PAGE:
If you use social media to promote your practice, chances are you know that timing and algorithms are a thing.
But do you really understand how algorithms work, and why you should pay attention to the advice about timing your posts?
Basically, the more people who see, like, comment, save, share and otherwise engage with your post, the more the algorithm shows it to people INSIDE and OUTSIDE your current circle of followers.
But, to encourage the algorithm to do that, you have to post when you know your current followers are looking at their Instagram / LinkedIn / other social media feeds.
So, when is that? There are two ways you can find out…. If you have an Instagram business account (it’s free to upgrade, and these analytics alone make it worthwhile!), click on the bars at the top right of your handle, and then click on Insights. You can see how many people are looking at your posts under Content, and find out when they are looking, under Followers (scroll to the bottom for the best times/days).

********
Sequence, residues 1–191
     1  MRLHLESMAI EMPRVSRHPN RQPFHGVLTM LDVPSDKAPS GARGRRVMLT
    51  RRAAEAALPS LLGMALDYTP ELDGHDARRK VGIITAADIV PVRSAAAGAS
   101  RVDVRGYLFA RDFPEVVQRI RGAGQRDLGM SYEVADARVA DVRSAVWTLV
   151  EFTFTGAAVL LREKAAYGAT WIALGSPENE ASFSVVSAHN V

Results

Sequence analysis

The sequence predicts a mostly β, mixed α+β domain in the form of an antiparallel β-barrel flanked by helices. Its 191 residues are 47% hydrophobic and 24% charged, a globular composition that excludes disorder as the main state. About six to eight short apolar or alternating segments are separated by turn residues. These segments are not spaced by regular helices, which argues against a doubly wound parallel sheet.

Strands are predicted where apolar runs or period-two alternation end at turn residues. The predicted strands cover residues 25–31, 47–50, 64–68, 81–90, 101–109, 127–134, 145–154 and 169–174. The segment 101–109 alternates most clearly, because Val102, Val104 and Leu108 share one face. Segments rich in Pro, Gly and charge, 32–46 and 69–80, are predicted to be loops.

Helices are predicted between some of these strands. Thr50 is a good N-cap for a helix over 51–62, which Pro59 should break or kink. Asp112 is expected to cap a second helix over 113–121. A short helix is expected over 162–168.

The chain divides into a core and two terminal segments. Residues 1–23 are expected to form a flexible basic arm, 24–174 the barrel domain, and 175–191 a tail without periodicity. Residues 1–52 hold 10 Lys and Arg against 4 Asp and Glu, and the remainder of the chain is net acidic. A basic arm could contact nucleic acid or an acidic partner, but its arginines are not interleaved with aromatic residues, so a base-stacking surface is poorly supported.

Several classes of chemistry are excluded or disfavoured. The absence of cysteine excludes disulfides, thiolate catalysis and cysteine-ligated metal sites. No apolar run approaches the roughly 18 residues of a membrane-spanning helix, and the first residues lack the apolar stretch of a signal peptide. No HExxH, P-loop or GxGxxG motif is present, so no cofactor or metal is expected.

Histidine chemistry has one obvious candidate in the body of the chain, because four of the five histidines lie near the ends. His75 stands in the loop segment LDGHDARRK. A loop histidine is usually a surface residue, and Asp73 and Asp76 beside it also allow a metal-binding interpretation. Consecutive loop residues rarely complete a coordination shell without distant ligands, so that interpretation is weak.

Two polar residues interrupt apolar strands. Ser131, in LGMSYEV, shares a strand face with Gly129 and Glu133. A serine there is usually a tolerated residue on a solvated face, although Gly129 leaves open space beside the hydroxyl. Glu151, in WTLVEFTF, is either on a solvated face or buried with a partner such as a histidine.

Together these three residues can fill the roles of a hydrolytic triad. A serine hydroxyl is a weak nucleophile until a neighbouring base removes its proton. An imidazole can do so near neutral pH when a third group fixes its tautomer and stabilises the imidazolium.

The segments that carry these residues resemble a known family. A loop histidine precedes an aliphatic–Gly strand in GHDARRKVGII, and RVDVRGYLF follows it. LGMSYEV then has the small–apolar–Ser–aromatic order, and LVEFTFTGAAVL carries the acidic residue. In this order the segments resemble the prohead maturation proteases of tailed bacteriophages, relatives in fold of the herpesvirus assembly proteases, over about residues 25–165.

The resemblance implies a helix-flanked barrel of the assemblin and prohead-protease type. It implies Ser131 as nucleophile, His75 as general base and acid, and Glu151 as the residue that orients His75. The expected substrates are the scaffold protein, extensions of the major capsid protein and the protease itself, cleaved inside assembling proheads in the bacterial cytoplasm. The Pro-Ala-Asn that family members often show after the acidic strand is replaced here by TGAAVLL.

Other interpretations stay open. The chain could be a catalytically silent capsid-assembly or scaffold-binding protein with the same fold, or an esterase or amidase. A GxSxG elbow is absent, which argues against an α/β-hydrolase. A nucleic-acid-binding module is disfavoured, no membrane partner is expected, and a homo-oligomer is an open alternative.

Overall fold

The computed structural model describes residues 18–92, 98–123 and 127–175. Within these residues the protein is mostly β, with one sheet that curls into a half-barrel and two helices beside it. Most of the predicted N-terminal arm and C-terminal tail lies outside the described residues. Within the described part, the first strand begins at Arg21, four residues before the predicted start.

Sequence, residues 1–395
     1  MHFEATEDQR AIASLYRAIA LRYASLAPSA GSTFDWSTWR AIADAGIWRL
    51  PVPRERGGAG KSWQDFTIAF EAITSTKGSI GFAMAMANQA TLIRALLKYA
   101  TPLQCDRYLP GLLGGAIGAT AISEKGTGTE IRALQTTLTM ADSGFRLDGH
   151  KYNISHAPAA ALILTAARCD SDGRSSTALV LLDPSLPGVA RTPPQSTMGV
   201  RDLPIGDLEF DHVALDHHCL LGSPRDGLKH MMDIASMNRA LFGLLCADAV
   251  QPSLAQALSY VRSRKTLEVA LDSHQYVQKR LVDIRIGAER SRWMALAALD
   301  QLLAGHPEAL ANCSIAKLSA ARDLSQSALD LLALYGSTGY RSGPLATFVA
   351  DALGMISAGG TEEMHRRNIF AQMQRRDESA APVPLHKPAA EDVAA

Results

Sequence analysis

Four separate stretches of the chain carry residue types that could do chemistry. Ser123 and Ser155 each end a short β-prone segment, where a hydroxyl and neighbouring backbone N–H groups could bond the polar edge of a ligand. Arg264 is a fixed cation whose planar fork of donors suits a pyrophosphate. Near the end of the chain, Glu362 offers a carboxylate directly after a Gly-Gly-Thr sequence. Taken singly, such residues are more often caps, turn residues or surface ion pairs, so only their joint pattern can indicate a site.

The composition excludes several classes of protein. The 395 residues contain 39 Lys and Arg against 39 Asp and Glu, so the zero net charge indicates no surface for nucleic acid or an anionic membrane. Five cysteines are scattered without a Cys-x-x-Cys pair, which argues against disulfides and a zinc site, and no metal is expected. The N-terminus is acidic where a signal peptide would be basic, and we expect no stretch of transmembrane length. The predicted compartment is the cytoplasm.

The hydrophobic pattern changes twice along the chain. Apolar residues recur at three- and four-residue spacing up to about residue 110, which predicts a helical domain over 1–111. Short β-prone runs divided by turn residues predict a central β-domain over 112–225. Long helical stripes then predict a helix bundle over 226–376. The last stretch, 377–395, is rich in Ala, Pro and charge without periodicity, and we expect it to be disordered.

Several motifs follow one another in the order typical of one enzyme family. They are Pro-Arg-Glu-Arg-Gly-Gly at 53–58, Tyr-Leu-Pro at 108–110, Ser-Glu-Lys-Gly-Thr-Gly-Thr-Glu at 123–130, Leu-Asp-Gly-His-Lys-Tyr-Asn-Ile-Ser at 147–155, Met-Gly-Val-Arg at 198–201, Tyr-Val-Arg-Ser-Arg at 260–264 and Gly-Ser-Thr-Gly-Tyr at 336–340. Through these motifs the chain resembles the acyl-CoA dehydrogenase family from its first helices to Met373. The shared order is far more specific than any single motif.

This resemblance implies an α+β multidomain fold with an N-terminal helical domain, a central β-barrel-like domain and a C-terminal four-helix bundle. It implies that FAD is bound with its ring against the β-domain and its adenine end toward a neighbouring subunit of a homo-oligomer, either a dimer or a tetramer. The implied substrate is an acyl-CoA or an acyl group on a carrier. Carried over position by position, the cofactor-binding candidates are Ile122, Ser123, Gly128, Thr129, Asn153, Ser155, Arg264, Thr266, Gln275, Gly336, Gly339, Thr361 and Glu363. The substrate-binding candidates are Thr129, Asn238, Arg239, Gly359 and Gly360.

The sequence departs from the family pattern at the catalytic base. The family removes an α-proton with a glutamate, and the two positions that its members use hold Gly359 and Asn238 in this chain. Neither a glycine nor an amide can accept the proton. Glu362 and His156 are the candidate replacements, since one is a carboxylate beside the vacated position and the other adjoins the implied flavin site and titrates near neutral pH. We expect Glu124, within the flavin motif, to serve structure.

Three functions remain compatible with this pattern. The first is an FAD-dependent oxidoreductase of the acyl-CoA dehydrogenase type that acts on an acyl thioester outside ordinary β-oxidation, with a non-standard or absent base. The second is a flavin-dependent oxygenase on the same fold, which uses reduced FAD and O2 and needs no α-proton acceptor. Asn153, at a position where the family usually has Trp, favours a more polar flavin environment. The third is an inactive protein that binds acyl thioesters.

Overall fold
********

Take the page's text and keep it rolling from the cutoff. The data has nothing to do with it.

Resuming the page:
Even easier to use, and free to download is the App, When to Post. This App gives the best three times each day for you to post. So, if you want to prepare a post, and save it as a draft, you can quickly upload it at a good time later. Or you could use an App like Later, Plann, or Planoly to prepare your content ahead of time (and schedule it to go live at an ideal time).
It’s a little harder to see when the best times are for LinkedIn, because the analytics are behind the Premium paywall, but LinkedIn itself published the best times and days this week.
So, the best times to post each day are 7:45am., 10:45am., 12:45pm., and 5:45pm. The best day for B2B brands to post is Wednesday (followed by Tuesday). The best days for B2C brands to post on LinkedIn are Monday and Wednesday.
If you’re using another social media channel to connect and engage with your future clients and customers, make sure you know how to time your posts to capitalise on that algorithm.
Then - and this is the important part - you have to consistently apply this info, so that your future posts will be seen by the largest audience, both inside and outside your current circle of followers. That’s how you expand your reach and share your message beyond your current community.
Lastly, if you have any questions about how to use social media to promote an architecture practice - because let’s face it, we’re not selling widgets or FMCG - keep an eye out for our upcoming course on all things architecture, marketing and communications. And in the meantime, if you have a suggestion for a blog post, or a question about your own marketing, please send us email - we’re happy to help.